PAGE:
Mobile has disrupted the way we need to look at banking. No longer are users looking to create a relationship with a bank manager. Saturday appointments will be a thing of the past, when you can simply download an app and order a card to your door. An unpleasant process has been turned into a simple one.
Millennials are holding the Scythe
Banking and financial services are being driven forward the emergence of the Millennial generation, empowered by their devices. Millennials find no importance in building relationships with bank managers. They think of money, credit, pensions as utility services that they can carry around like their music. As house prices become less affordable and having a healthy pension to retire on is becoming less realistic, Millennials are saving to spend in the here-and-now, making life-long relationships with banks obsolete.
Smartphones and related technology are giving young people the technology they need to view financial products as utilities rather than relationships to be built. With the emphasis within the Financial sector and Fintech centred around making their products simpler, more accessible and user-centric, it’s easy to imagine the landscape of the physical bank being done away with very soon.
Challenger banks in the West such as Atom Bank and Monzo are already rethinking the relationships people have with their banks. Smartphones are at the centre of both of them. The implications of Fintech companies such as these go way beyond customer service and the physical context of a bank branch. Challenger banks are tapping into the lifestyles of their consumers and creating new services to improve and simplify their lives.
Exciting advances in Fintech are happening all over the world. Among a multitude of truly innovative companies, China’s WeChat allow users to split their bills with friends, Spixii, a UK company have created a Chatbot using powerful AI technology that will buy and manage all of your insurance policies through you, all through an app. Thirdly, StashInvest in the US allows customers to make and control investments from their smartphone app.
Similarly, to Challenger banks, all these services are turning a boring, complicated or tedious process into a simple utility task.
Technology is dictating
Mobile is not the only technology that has emerged and helped to change the face of banking. AR, artificial intelligence, voice UI, smart assistants have all changed our expectations of how we interact with faulting services. Technologies such as Chatbots, which are dramatically redefining the customer services industry and products such as the Amazon Echo illustrate where traditional banking models are failing.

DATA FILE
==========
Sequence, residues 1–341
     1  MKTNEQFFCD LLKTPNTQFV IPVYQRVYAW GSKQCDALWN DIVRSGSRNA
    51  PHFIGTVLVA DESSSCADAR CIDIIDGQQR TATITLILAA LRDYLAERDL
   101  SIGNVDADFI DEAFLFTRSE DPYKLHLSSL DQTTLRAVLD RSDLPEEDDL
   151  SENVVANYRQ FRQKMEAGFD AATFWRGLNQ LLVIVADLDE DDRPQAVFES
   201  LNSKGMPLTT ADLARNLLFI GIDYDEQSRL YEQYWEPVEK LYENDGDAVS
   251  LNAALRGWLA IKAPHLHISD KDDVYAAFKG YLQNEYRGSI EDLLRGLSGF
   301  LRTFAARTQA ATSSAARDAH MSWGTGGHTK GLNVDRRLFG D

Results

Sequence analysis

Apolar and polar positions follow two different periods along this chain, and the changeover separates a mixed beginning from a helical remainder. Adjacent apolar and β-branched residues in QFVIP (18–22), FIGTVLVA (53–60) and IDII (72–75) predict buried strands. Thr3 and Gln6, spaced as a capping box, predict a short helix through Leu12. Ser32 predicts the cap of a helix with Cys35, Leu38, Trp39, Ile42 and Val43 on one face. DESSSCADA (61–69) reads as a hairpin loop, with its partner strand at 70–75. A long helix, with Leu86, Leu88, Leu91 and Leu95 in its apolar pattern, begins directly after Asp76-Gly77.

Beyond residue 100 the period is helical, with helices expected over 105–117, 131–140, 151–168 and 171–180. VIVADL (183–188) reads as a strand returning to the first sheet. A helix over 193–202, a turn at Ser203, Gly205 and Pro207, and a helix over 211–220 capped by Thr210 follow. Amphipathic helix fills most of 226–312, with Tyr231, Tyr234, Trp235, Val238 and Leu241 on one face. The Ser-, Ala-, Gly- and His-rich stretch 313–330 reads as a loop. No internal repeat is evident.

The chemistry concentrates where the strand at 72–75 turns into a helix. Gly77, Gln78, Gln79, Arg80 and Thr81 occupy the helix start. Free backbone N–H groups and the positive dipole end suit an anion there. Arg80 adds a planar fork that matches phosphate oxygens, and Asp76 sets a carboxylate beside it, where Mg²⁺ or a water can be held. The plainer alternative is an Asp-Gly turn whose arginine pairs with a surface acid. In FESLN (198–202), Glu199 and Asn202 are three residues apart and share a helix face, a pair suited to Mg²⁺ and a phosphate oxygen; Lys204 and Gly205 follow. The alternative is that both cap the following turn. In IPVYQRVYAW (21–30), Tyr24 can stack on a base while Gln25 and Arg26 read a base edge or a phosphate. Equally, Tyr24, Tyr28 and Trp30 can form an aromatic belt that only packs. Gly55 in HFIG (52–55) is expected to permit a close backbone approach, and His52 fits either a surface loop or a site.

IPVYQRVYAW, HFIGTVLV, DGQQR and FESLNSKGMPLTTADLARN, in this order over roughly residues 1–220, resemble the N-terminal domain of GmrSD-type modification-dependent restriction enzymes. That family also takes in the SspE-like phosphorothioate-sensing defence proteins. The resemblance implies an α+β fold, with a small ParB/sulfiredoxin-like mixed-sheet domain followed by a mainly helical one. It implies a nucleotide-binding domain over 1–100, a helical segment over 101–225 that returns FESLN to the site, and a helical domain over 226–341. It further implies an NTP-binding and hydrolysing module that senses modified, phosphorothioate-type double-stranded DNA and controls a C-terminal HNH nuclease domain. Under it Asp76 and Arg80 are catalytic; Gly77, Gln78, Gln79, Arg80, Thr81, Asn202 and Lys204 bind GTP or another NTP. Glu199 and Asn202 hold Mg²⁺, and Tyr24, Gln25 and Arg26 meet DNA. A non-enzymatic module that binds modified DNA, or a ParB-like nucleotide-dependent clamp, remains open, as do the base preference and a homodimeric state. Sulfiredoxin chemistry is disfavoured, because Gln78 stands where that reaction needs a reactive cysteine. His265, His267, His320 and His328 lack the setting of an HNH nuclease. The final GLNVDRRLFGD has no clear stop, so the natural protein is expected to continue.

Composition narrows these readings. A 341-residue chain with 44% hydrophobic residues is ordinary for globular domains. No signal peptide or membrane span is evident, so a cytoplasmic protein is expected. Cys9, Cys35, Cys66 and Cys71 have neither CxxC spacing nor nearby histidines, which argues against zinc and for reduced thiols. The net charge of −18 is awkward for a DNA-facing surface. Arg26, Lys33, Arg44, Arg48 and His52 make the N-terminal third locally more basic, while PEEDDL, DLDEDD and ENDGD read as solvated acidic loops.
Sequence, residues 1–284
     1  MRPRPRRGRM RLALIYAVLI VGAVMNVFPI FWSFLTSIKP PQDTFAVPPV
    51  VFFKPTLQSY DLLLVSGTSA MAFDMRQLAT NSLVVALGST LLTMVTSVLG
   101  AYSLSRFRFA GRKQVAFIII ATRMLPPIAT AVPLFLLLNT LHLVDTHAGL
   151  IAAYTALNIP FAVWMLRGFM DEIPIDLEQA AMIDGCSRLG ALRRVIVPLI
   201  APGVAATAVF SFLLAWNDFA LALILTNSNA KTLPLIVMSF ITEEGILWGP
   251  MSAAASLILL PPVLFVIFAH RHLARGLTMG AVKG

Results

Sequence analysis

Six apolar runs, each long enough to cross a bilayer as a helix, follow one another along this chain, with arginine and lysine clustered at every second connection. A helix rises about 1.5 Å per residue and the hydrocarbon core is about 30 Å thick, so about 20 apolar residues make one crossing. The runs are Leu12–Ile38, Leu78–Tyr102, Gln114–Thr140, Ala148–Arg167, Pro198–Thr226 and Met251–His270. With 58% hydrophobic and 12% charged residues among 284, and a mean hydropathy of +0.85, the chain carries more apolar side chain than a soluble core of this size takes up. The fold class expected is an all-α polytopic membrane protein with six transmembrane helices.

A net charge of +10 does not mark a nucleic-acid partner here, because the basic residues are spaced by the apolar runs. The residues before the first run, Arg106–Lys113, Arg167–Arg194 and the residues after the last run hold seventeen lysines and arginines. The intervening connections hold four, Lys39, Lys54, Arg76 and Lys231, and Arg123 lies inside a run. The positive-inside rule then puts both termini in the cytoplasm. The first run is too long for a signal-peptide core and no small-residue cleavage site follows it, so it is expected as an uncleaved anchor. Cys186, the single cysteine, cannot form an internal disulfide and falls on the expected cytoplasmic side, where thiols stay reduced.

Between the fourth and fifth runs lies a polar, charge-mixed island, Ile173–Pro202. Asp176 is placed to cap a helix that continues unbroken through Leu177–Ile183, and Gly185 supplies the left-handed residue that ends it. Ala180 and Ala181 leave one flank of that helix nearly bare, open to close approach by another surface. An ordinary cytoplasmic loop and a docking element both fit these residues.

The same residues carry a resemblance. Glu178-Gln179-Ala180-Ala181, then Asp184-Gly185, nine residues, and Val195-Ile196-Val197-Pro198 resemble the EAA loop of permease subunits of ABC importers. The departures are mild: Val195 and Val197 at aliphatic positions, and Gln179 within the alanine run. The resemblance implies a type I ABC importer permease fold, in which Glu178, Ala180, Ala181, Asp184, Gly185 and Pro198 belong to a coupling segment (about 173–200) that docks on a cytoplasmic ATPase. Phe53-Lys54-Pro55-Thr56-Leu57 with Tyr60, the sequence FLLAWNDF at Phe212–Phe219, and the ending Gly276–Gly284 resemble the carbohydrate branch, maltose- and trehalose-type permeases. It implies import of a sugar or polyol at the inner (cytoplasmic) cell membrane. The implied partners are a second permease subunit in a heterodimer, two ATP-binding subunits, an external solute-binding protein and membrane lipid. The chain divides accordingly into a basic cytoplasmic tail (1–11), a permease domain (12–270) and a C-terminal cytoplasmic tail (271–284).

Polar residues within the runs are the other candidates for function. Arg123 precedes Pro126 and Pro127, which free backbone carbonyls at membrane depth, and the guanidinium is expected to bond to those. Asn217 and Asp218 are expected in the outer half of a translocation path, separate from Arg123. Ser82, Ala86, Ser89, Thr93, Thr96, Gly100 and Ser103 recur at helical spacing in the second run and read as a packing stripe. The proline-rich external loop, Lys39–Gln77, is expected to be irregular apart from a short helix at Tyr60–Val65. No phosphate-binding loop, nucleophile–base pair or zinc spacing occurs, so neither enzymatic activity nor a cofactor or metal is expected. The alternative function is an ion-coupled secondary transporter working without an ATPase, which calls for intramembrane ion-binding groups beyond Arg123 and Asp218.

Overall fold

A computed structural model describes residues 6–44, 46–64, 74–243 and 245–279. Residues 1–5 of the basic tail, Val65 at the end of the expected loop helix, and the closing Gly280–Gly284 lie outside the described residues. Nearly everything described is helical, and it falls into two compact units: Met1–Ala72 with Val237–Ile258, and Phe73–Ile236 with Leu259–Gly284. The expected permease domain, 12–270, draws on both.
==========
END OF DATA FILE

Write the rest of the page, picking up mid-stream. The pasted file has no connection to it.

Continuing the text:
They’re not evolving. They’re sticking to the same models and are not changing their approach with the changing values of their customers. If a bank sells you a credit card, it differentiates its product by offering you sub-products such as air miles, cash back and rewards. Whereas, modern technologies are becoming invisible and are only focussing on improving the lives of customers.
Customer centricity is key
Physical banks are a thing of the past. They’re a need from an age where we lacked technology to manage our money how we wish. Their death won’t be immediate, but as the values of the general population aligns to those common within millennials, they will disappear.
Why are Millennials so important in this? Often thought of as the neglected demographic, they focus more on utility and experience than ownership. Whereas they don’t own as larger proportion of the world’s wealth – as older generations die and incumbents are born with the same expectations of Millennials, they will have a stronger and more shaping influence on the world of finance.
There has never been a better time for big banks and financial players to think about customer experience and value innovation.
This mobile world that we live in
Picture the scene, it was a painfully hot Thursday, the post lunch lull. Everyone in the office was gazing out the window, complaining about the fact we were stuck inside working when we really should be outside enjoying the glorious British Summer. It seemed almost inhumane that we were not allowed to go and sit in a park and work from our phones. Surely it is possible to get what you need to get done, with just your mobile phone and no other resources at your disposal?? Continue reading
How You Can Achieve High Performance With Perfect Performance Marketing
Effective performance marketing is data-driven by design, demanding marketers monitor and measure mountains of disparate data points and performance “signals.” But marketers can no longer compete on their knowledge of “surface” data such as the cost per acquisition grouped by ad networks and partners. To gain and maintain competitive edge performance marketers must strive to distil granular data, including creatives and sub-publisher information, into deeper insights. Continue reading